It’s hardly front-page news that the AFL-CIO has fallen upon hard times. Since late July, seven unions representing some 5.5 million workers have formed their own alternative federation, Change to Win, in hopes of adding to that total by millions more. Six of the unions had broken away from the AFL-CIO beginning this July; a seventh, the United Brotherhood of Carpenters and Joiners, already had taken flight back in 2001. Yet with understandably less fanfare, the AFL-CIO, whose unions represent 8 million union members (plus another 1 million workers who are not full-fledged members), has begun to recoup some of the lost ground. In September, the California Nurses Association, with 65,000 members, requested a charter from the AFL-CIO to begin petitioning for membership. This month another union, the United Transportation Union (UTU), which along with the Carpenters had left the federation four years ago, is back in.
The Cleveland-based UTU represents around 125,000 active and retired railroad, bus and mass transit workers across the U.S. and Canada. The union parted ways with the AFL-CIO over a bitter dispute with the Brotherhood of Locomotive Engineers, which had charged the UTU with raiding its membership. The AFL-CIO sided with the Locomotive Engineers, and was in the process of preparing sanctions against the Transit union, when the latter bolted. But over the past year and a half, under new leadership, the UTU harbored second thoughts. Current President Paul Thompson in March 2004 took over the reins from Byron Boyd, who four months later pled guilty to federal racketeering charges, admitting he’d diverted more than $50,000 in union funds for his own personal use. The departure of the Teamsters this summer from the AFL-CIO further hastened the return of the UTU to the fold.
The AFL-CIO’s pickup of one union and imminent pickup of another surely will boost membership and dues revenues. But it also signifies that the federation is still heavily focused on political activism. UTU spokesman Frank Wilner explains his union’s re-affiliation this way: “It’s more about a philosophical belief that there should be one umbrella organization in order to send a clear and unambiguous message to lawmakers.”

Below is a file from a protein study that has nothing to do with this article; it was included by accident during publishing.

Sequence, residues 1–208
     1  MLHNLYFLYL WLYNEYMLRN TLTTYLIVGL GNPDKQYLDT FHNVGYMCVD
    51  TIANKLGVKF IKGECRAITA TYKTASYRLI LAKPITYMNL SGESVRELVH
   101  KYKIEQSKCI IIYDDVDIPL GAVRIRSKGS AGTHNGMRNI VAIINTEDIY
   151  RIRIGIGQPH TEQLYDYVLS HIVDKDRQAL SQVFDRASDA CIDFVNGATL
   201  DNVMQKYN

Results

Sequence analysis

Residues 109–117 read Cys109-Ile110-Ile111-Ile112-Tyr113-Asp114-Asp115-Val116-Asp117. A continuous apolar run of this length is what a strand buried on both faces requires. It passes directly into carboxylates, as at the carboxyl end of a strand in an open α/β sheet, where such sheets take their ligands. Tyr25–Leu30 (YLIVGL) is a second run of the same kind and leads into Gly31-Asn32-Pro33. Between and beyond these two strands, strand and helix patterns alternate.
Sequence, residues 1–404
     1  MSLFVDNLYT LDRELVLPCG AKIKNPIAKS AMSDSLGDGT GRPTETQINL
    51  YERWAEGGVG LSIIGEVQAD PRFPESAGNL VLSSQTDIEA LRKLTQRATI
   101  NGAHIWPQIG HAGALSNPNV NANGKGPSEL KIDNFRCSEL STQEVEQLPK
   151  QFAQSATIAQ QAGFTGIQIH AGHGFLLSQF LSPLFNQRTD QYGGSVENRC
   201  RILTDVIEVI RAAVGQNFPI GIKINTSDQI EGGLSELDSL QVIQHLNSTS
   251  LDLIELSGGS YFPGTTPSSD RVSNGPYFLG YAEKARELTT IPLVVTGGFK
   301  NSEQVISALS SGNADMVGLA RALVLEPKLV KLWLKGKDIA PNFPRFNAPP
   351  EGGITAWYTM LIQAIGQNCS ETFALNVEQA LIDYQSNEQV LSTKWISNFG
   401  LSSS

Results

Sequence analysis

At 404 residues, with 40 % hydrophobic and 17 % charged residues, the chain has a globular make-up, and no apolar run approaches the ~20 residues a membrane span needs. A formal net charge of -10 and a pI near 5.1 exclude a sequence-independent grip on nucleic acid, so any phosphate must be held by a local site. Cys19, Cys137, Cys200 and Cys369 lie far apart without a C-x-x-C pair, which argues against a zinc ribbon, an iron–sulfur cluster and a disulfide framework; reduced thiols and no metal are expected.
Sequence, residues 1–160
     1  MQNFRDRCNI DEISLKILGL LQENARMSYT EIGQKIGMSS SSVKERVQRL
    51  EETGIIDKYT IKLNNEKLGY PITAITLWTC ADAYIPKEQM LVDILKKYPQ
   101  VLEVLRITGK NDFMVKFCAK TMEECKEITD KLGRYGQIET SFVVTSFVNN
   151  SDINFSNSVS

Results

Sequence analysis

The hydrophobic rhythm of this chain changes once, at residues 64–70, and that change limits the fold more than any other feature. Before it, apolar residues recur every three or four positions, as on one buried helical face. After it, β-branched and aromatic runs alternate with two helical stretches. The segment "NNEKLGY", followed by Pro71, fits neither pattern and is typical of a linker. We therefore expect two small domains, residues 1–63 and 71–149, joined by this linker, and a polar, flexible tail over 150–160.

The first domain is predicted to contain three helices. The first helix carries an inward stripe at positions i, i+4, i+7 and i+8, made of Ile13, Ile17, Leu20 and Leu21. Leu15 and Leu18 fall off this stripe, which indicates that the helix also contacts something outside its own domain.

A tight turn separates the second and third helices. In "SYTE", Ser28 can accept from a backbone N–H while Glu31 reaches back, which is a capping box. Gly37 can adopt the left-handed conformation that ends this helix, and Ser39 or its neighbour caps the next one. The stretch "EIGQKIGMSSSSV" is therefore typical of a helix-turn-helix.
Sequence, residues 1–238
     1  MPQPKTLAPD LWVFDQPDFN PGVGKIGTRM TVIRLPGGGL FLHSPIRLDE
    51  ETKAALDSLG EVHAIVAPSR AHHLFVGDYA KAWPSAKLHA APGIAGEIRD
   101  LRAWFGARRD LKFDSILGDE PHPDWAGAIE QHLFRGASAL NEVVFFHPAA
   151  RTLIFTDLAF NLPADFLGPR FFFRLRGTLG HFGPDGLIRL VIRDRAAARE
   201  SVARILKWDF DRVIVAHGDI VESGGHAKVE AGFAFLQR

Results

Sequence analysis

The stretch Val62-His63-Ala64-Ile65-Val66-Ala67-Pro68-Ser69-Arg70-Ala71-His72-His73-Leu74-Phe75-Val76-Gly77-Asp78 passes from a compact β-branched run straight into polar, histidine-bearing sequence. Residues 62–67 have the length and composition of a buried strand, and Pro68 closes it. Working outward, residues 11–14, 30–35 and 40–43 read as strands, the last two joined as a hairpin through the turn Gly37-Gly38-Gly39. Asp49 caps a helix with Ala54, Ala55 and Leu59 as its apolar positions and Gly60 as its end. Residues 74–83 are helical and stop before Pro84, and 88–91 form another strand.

The pending admission of the California Nurses Association (CNA) to the AFL-CIO is especially telling. The union’s president, Deborah Burger, R.N., a diabetes care nurse at the Kaiser Permanente facility at Santa Rosa Medical Center, made clear her views at her union’s biennial convention in Oakland a month ago. Burger denounced Governor Arnold Schwarzenegger and “increasingly aggressive health care corporations” for putting profits ahead of patient welfare. Delegates approved resolutions calling for admission to the AFL-CIO, a single-payer health care system, government-mandated hospital staffing levels, higher taxes on corporations and wealthy individuals, and opposition to Social Security privatization, NAFTA and CAFTA.
The convention also suggested a potential “War of the Titans” match-up in next year’s California governor’s race. As guest speaker, actor-director Warren Beatty praised the CNA for “standing up to power.” Also present were Beatty’s wife, actress Annette Bening, and fellow actor-director Sean Penn. Though Beatty, a longtime Democrat activist, has not yet shown an inclination to challenge Gov. Schwarzenegger in his re-election bid, the memory of 500 nurses chanting, “Run, Warren, run” might cause him to reconsider. As director Rob Reiner also has not discounted rumors he may seek the Democratic nomination, a real-time Hollywood political thriller could be in the making. The endorsement part would be a slam-dunk for the AFL-CIO. (Washington Times, 10/7; UTU and CNA Web sites).